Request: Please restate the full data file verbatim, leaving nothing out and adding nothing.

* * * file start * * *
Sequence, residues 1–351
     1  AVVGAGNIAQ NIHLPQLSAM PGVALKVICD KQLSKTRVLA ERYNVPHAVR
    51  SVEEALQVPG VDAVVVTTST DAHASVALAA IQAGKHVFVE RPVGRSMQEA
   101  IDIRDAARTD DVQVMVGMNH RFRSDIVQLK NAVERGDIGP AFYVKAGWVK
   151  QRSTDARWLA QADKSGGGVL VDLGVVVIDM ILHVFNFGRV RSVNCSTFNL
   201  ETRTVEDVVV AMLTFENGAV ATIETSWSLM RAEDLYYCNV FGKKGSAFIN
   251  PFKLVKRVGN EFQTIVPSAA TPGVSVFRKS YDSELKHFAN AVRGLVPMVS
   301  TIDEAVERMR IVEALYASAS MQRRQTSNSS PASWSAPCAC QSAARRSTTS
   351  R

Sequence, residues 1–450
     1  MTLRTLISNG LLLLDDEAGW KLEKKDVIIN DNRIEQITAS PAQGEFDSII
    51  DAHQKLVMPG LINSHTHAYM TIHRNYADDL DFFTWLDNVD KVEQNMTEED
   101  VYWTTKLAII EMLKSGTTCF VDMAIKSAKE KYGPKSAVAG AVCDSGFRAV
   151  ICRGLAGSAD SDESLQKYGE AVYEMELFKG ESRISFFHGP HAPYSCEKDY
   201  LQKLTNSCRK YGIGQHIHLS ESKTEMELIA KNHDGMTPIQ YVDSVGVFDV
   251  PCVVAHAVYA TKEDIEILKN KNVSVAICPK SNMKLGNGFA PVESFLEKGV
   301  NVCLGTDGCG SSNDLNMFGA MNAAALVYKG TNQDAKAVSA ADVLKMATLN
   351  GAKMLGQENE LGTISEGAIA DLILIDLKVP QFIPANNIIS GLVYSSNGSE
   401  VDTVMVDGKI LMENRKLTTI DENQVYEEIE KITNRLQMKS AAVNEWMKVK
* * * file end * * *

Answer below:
Sequence, residues 1–351
     1  AVVGAGNIAQ NIHLPQLSAM PGVALKVICD KQLSKTRVLA ERYNVPHAVR
    51  SVEEALQVPG VDAVVVTTST DAHASVALAA IQAGKHVFVE RPVGRSMQEA
   101  IDIRDAARTD DVQVMVGMNH RFRSDIVQLK NAVERGDIGP AFYVKAGWVK
   151  QRSTDARWLA QADKSGGGVL VDLGVVVIDM ILHVFNFGRV RSVNCSTFNL
   201  ETRTVEDVVV AMLTFENGAV ATIETSWSLM RAEDLYYCNV FGKKGSAFIN
   251  PFKLVKRVGN EFQTIVPSAA TPGVSVFRKS YDSELKHFAN AVRGLVPMVS
   301  TIDEAVERMR IVEALYASAS MQRRQTSNSS PASWSAPCAC QSAARRSTTS
   351  R

Sequence, residues 1–450
     1  MTLRTLISNG LLLLDDEAGW KLEKKDVIIN DNRIEQITAS PAQGEFDSII
    51  DAHQKLVMPG LINSHTHAYM TIHRNYADDL DFFTWLDNVD KVEQNMTEED
   101  VYWTTKLAII EMLKSGTTCF VDMAIKSAKE KYGPKSAVAG AVCDSGFRAV
   151  ICRGLAGSAD SDESLQKYGE AVYEMELFKG ESRISFFHGP HAPYSCEKDY
   201  LQKLTNSCRK YGIGQHIHLS ESKTEMELIA KNHDGMTPIQ YVDSVGVFDV
   251  PCVVAHAVYA TKEDIEILKN KNVSVAICPK SNMKLGNGFA PVESFLEKGV
   301  NVCLGTDGCG SSNDLNMFGA MNAAALVYKG TNQDAKAVSA ADVLKMATLN
   351  GAKMLGQENE LGTISEGAIA DLILIDLKVP QFIPANNIIS GLVYSSNGSE
   401  VDTVMVDGKI LMENRKLTTI DENQVYEEIE KITNRLQMKS AAVNEWMKVK